"Which McClellan?"


"Him? I never told him I wasn't involved in the leak."

"He said you told him that."

"I never used those exact words."

"What DID you say to him?"

"I never said anything. I shook my head no when he asked me a question."

"So you DID lie!"

"I never said what question it was I answered no to."

"Mr Rove, can you give me a straight answer?"

"Yes - and that was the one. The non-interview is over. And it never happened anyway."


If Rove is innocent of any wrongdoing, as several people are claiming, why is he splitting the English language into atoms? Rove says he did not reveal Valerie Plame's name. True - but he DID say " wilson's wife, who apparently works at the agency on wmd [weapons of mass destruction] issues who authorized the trip," according to Mr. Cooper's notes. One can reveal an identity without revealing a name. So why the oh-so-careful parsing? One can add Mr. Luskin to the list, for his incredibly specific claim "Rove never contacted Mr. Cooper by phone" (regarding Cooper's decision to come forward). So, if there's nothing wrong, why so specific in denials?

Isn't it evident that Rove already has lied? At one point, McClellan stated that he had spoken with Rove and two other White House aides, and ""those individuals assured me they were not involved in this." Rove has now admitted he was involved. Ergo - he lied. (Or McClellan, I have to admit, but Rove has never denied McClellan's statement.) Perhaps not a big deal, however, I want to point it out because the claims of innocence are getting more and more outlandish; soon one "defense" will read he never lied at any time. Here we see he did. And secondly, I mention it because when you add this to his fine control of denial language, honest people have to wonder exactly WHY he's being so careful?

Does anyone really feel that had a Clinton aide done something exactly like this, Fox News, The Wall Street Journal, and the like would not only defend the person accused but would also claim that they were "whistleblowers" (WSJ) or "a hero"? (Fox News)

Again on the minute language study - why is a current meme that Bush has never said he would fire someone involved in a leak?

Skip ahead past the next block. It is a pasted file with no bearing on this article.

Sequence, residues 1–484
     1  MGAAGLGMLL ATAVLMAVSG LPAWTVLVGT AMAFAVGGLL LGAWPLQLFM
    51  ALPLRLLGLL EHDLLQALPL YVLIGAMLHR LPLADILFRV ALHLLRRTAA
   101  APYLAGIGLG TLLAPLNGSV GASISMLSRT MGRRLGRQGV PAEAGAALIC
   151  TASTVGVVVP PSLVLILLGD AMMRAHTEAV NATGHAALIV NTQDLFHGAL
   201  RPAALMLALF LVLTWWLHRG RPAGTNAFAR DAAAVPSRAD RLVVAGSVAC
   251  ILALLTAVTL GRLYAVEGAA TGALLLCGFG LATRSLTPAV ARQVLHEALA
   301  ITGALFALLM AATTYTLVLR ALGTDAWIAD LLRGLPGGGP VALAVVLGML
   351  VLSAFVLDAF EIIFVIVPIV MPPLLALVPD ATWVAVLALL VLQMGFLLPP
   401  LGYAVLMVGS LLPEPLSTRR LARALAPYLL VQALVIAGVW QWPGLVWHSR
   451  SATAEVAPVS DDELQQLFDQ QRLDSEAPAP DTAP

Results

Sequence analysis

QUESTION: Given -- given recent developments in the CIA leak case, particularly Vice President Cheney's discussions with the investigators, do you still stand by what you said several months ago, a suggestion that it might be difficult to identify anybody who leaked the agent's name?
THE PRESIDENT: That's up to --
QUESTION: And, and, do you stand by your pledge to fire anyone found to have done so?
THE PRESIDENT: Yes. And that's up to the U.S. Attorney to find the facts.

Parse as you will, there's a claim right up front. We now name that Rove did indeed leak Mrs. Plame's identity. The only way Bush can dodge this pledge is to retreat to the claim "I specifically meant the NAME." If he did that, I would like to think that people would have trouble believing him on anything again. However, given the wide pattern of misleading statements from Bush and co., I guess it won't surprise me if no one loses faith in him.

Why does Luskin claim Cooper "burned Rove"? He first states that Rove signed a confidentiality waiver, which gave Cooper the permission to testify. But now that Cooper has, the fact there was a follow-up call that Ludlum may have kicked out as "too much to swallow" is to be held against him? "You have permission to testify about me as long as you don't actually do so." Burning? Well, something's burning here, and it's coming from the trouserial regions of Luskin...

Did Rove commit a crime? Probably not, legally speaking. Does it matter? Legally speaking, yes. Ethically speaking, no. And in terms of reality, it certainly shouldn't matter. But I'll guess that the letter of the law will be very, nay, critically important to many Republicans now. What's one agent against a party?

Tuesday, July 12, 2005

On A Lighter Note

Let's do some recommendations here. Just a break from my usual screeds.

Both seasons of Titus on DVD - one of the funniest shows in recent history, so naturally it only lasted two seasons (correction - it lasted three seasons). The first season was excellent and brilliant - some of the darkest comedy around. When one of the lines is, "You knew I was faking my heart attack and you let them shave me???" "I knew you were faking your heart attack and I GOT them to shave you!", well, you're not in Full House/Cosby-ville anymore. Sadly, the second season was kind of uneven, but for thirty bucks this is a great set to get. The first season is worth thirty dollars by itself, in my opinion, so the second is free.